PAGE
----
New fisheries agreement reduces quotas for EU vessels
By Anne Eckstein | Tuesday 05 June 2012
The European Commission and the Republic of Kiribati initialled, on 3 June in Nadi, Fiji, a new protocol to their fisheries partnership agreement. The protocol replaces the agreement signed in 2006 for six years, which will expire on 16 September. It reduces fishing opportunities for European tuna vessels operating in Kiribati’s territorial waters and sets the EU’s financial compensation for these fishing rights. The text still has to be approved by the European Parliament and formally ratified in Council (co-decision procedure) and by the government of Kiribati.
Fishing opportunities under the new protocol include a reference tonnage of 15,000 tonnes for three years (5,000 year), compared with 6,400 tonnes per year under the existing agreement. This volume corresponds to fishing authorisation for ten vessels - four purse seiners and six longliners – flying the flags of Spain, France and Portugal, compared with 16 vessels at present. The Commission notes that the fishing opportunities were calculated on the basis of scientific recommendations. The EU’s financial contribution is set at €1.325 million, of which €350,000 earmarked exclusively for sectoral policy support to help the Republic of Kiribati promote responsible and sustainable fishing in its waters.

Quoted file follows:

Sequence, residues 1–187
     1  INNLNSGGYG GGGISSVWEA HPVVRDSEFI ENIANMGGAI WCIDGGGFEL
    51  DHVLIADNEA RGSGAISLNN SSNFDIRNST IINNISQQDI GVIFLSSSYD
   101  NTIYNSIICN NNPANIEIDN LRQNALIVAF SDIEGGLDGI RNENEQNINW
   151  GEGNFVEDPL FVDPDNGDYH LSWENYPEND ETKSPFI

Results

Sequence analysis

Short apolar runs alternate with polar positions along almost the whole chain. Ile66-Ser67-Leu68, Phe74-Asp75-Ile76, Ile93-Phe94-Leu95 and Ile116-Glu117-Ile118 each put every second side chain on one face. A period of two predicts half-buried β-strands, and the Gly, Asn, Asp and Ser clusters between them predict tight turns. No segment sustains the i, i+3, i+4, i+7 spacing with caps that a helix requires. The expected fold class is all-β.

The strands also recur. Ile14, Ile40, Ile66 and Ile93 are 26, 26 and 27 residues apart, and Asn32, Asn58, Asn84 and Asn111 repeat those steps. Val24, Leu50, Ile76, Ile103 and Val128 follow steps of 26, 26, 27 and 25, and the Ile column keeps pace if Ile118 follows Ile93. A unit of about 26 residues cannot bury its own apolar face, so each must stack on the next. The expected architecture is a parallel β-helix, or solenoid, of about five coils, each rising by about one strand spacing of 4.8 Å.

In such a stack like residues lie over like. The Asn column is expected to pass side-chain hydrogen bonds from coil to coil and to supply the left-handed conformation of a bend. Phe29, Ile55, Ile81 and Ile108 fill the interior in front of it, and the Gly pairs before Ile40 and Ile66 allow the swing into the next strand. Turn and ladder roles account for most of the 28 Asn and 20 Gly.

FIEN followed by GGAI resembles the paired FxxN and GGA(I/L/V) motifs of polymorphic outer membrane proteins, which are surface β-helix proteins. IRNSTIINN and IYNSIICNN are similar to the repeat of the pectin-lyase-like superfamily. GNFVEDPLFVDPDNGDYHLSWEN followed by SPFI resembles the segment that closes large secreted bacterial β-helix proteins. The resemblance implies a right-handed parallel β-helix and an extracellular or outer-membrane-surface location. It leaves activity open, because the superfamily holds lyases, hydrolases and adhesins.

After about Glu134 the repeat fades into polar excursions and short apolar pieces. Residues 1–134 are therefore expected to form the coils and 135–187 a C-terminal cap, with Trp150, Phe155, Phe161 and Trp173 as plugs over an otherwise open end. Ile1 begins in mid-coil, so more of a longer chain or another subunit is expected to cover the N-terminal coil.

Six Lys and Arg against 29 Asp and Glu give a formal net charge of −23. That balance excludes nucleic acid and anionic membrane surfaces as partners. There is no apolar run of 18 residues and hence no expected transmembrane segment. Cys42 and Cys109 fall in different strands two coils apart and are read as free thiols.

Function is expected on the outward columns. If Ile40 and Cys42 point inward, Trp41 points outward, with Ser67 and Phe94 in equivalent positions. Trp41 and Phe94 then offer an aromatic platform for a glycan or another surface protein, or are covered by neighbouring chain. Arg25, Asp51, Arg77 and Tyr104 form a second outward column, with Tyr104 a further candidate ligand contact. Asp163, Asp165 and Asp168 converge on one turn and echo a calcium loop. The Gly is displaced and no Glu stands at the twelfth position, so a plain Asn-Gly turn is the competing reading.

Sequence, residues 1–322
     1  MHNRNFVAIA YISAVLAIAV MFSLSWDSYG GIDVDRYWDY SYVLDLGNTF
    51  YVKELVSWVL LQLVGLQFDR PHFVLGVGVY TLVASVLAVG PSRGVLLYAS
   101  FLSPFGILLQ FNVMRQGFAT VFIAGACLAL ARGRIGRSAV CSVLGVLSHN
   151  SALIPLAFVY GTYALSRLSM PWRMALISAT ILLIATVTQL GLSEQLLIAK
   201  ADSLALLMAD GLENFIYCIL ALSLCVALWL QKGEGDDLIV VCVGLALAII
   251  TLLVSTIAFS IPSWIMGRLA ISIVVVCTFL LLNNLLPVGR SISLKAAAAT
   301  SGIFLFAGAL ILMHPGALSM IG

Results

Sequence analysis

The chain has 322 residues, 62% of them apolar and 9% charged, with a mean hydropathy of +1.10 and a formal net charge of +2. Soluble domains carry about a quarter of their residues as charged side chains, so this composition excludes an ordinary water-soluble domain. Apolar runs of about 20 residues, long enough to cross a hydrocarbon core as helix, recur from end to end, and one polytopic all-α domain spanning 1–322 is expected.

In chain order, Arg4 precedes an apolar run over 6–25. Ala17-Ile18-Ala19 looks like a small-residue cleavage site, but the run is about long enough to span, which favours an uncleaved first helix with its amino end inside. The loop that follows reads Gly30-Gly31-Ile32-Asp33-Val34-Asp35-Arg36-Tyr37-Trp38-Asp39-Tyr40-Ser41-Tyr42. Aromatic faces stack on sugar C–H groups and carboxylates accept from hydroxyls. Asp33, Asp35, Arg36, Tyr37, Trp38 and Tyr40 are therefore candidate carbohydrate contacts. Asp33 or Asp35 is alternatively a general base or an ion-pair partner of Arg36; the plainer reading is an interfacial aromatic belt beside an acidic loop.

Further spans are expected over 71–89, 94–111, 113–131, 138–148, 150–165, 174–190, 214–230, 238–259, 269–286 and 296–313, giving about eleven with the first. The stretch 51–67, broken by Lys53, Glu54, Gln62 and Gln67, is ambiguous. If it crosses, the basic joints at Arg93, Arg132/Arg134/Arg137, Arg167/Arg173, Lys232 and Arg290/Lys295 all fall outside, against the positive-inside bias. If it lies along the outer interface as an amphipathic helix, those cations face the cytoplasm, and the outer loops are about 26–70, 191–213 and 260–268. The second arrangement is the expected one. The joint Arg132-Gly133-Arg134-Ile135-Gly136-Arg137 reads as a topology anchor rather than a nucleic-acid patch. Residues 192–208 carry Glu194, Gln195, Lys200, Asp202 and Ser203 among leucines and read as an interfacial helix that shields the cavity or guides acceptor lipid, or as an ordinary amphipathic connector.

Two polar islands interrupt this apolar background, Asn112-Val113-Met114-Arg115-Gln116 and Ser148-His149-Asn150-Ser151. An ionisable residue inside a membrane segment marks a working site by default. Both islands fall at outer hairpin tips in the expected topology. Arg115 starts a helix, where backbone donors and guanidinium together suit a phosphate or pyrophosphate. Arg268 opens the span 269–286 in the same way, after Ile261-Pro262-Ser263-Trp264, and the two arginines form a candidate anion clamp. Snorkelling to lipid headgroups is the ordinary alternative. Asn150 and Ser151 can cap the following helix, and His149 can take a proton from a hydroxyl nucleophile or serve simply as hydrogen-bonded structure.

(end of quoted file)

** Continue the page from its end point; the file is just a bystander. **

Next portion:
Fisheries partnership agreements, adds the Commission, are important for the EU’s bilateral relations with Pacific countries, for regional development in this zone and for strengthening the EU’s position in regional fisheries organisations, such as the Western and Central Pacific Fisheries Commission (WCPFC).